Thirsty Thursday – A five-bottle bar for eleven cocktails (and non-alcoholic alternatives)

Gin-Campari Sour

In my last Thirsty Thursday post, I published my list of essential bar equipment for folks who are interested in making mixology their quarantine hobby. Hopefully these little detours from technology & career advice will help with your work-life harmony while we’re all working from home.

This week, I am going to share my top five ingredients that you’ll need to start exploring mixology. I’m also including non-alcoholic alternatives that you can substitute for any/all of these ingredients. Not everyone drinks alcohol–but that doesn’t have to hold you back from exploring mixology. Some of these cocktails are pretty spirit-forward, but you can convert them all into a low-alcohol or no-alcohol alternative by substituting some or all of the non-alcohol (zero proof) alternatives.

My fave five

If I were stocking a very limited bar, and wanted to experiment with cocktails, I’d stick to these five bar ingredients.

Note that my recipes below all list the spirits in this list, so for the low-alcohol or no-alcohol variations, just use this chart to swap in the zero proof equivalents.

Spirits Zero Proof
Gin Zero proof Gin
Bourbon (or Rye Whiskey) Zero proof Whiskey
Sweet Vermouth
(my favorite is Punt e Mes)
Versin Aperitif
Campari San Peligrino sanbitter
(or Bitter Rosso)
Angostura Bitters Fee Brothers Old-fashioned bitters

A note on bitters: Angostura bitters are 45% alcohol, but you normally just use a few drops. If you want ZERO proof (what the US FDA calls “alcohol-free”), steer clear of them (ex, they are haram). But if you just want very low alcohol (what the US FDA calls “non-alcoholic”), then you can still use the Angostura bitters. I much prefer the taste–but taste is personal so feel free to go your own way!

If you want to get a second type of bitters, pick up some orange bitters. Some of the recipes I include might call for orange bitters, but you can totally use angostura bitters if you’re trying to keep your investment low.

These recipes will also make use of citrus juice & peel, simple syrup, and even egg whites. These are perishable kitchen ingredients, so I’m not including them in the above list, because you’ll probably just pinch them from the kitchen pantry.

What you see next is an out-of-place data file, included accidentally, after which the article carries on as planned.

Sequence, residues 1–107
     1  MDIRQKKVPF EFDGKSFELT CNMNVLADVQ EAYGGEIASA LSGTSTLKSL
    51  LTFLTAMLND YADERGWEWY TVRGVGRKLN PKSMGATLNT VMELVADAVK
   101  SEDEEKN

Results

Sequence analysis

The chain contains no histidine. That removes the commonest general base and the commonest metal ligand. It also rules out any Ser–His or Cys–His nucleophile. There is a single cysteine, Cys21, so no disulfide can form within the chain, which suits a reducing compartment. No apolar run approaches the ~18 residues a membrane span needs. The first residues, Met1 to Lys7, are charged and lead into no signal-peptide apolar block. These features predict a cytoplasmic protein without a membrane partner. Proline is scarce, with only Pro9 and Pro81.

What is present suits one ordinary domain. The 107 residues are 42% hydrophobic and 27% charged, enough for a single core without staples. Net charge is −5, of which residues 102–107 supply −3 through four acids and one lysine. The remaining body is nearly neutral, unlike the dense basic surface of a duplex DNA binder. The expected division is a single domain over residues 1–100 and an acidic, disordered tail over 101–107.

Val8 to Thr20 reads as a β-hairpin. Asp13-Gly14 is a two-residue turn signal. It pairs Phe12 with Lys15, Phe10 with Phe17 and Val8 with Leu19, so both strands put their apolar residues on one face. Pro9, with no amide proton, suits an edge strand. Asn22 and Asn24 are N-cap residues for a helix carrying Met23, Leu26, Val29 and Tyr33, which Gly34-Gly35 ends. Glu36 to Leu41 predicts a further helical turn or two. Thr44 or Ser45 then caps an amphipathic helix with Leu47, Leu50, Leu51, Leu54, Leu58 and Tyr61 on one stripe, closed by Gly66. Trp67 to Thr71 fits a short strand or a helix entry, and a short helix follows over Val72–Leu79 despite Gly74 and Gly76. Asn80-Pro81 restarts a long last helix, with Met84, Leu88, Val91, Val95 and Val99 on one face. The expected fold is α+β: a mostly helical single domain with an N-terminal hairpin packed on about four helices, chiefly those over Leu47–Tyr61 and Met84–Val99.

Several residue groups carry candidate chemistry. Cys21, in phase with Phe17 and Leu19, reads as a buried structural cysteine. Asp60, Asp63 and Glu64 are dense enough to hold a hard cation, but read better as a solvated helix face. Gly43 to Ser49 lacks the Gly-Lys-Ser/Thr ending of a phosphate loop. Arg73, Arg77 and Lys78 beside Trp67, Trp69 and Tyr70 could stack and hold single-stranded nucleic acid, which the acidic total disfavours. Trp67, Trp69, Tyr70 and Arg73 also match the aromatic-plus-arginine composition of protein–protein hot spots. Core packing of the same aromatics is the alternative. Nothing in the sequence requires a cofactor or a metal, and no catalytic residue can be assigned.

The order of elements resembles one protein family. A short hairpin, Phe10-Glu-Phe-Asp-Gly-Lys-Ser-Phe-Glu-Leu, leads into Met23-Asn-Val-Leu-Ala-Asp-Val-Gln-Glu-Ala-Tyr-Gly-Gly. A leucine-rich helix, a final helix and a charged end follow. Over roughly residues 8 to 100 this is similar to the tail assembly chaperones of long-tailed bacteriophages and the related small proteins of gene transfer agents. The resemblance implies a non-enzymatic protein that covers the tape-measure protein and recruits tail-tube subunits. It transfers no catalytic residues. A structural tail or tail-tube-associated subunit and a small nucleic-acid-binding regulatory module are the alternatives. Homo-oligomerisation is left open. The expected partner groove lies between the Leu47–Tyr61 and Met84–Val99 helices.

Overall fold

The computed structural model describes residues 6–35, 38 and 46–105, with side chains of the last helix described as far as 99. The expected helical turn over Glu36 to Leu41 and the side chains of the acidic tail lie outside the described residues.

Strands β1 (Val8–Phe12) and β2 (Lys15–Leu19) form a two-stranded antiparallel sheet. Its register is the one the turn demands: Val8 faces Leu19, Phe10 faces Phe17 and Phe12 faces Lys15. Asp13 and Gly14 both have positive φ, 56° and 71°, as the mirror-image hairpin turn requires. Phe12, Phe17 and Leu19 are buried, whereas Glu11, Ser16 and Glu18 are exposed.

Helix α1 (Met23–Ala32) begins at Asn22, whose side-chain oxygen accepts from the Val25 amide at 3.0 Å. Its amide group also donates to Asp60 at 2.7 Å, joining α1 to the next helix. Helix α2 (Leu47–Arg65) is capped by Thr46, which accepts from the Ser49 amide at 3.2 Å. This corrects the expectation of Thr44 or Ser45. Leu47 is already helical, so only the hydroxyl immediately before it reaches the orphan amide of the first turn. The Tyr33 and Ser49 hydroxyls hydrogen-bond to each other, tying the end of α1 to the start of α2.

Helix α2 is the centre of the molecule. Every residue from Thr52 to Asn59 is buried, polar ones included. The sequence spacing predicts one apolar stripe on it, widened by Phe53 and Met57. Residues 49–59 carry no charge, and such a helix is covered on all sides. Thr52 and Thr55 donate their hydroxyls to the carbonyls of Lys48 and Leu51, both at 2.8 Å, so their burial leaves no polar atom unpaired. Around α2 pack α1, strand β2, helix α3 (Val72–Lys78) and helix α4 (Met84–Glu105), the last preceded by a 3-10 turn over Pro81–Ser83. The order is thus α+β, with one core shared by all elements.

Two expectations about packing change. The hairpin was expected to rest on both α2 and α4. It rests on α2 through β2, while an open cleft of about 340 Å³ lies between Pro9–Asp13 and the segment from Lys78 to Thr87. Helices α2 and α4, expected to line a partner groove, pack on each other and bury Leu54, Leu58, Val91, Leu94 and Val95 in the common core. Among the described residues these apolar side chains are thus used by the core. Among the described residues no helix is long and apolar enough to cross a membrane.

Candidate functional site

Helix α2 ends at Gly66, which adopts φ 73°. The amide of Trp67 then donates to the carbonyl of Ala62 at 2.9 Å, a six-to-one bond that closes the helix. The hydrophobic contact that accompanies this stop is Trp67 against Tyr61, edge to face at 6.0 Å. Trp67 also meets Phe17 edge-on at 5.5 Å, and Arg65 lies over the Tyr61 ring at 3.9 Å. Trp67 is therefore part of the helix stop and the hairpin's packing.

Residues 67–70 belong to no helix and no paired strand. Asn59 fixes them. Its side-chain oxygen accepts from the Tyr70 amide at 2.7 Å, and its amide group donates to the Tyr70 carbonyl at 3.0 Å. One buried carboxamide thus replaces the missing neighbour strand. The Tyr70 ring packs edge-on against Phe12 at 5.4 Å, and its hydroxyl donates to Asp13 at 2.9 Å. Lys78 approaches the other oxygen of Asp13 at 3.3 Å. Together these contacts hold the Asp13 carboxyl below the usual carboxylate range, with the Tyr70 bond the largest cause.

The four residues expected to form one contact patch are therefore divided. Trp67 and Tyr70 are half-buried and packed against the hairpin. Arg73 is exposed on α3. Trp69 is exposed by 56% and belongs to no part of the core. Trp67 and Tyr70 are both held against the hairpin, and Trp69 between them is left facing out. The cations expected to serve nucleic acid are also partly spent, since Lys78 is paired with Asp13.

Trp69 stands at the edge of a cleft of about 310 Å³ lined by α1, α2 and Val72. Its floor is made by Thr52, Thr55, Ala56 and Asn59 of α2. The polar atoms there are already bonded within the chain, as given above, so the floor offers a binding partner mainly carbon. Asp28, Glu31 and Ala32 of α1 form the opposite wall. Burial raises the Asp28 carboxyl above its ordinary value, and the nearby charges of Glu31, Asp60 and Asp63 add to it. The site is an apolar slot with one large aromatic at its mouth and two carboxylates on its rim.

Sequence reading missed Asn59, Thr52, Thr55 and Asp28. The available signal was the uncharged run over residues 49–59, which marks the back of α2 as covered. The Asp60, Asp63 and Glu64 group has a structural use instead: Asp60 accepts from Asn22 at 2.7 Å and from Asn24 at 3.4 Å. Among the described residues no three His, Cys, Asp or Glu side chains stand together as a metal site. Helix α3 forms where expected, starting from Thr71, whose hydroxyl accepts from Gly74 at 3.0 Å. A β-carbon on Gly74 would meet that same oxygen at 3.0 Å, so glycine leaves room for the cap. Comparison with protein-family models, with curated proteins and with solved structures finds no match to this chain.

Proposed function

What the hell can you make with this stuff?

These spirits go particularly well together, with many drinks using either bourbon or gin, plus a combination of the other ingredients.

Take note that the build methods repeat themselves: shaken, stirred, and occasionally made right in the glass.

The Negroni

  • 1 ounce gin
  • 1 ounce Campari
  • 1 ounce sweet vermouth
  • garnish: orange peel twist

In a pint glass, or the large side of your Boston Shaker, add a fistful of ice, and all three ingredients. Stir (don’t shake!) until chilled. If you hold the base of the pint glass/shaker with one hand, and stir with the other, you’ll know it’s cold enough when the glass/shaker feels icy cold from the outside.

I prefer to strain into a coupe, manhattan, or martini glass. Some folks like this in a rocks glass with some ice. Garnish with a twist of orange peel.

Note: I hate martini glasses. They slosh & spill every time you try to take a sip. Coupes are the “original martini glass” and less spill-prone.

Sweet Martini

  • 2 1/2 ounce gin
  • 1/2 ounce sweet vermouth
  • 1 or 2 dashes of angostura bitters

In a pint glass, or the large side of your Boston Shaker, add a fistful of ice, and all three ingredients. Stir (don’t shake!) until chilled. If you hold the base of the pint glass/shaker with one hand, and stir with the other, you’ll know it’s cold enough when the glass/shaker feels icy cold from the outside.

Serve this strained into a coupe or martini glass.

Gin-Campari sour

Source: Saveur Magazine

  • 1 1/2 ounce gin
  • 3/4 ounce Campari
  • 3/4 ounce fresh lemon juice
  • 1/2 ounce simple syrup
  • 1 egg white
  • 1 dash orange bitters
  • garnish: a small orange wedge or orange twist

In a cocktail shaker, combine the gin, Campari, lemon juice, simple syrup, bitters, and egg white, and shake until combined. Fill the shaker three-quarters full with ice and shake vigorously until the egg white is incorporated and frothy, about 30 seconds.

Strain into a chilled coupe glass. Garnish with the orange wedge or orange twist.

Gin Gimlet

  • 2 ounce gin
  • 3/4 ounce fresh lime juice
  • 3/4 ounce simple syrup
  • garnish: lime peel twist

In a pint glass, or the large side of your Boston Shaker, add a fistful of ice, and all three ingredients. Stir (don’t shake!) until chilled.

Strain into a chilled coupe or martini glass, or strain over a rocks glass with ice. Garnish with the lime twist.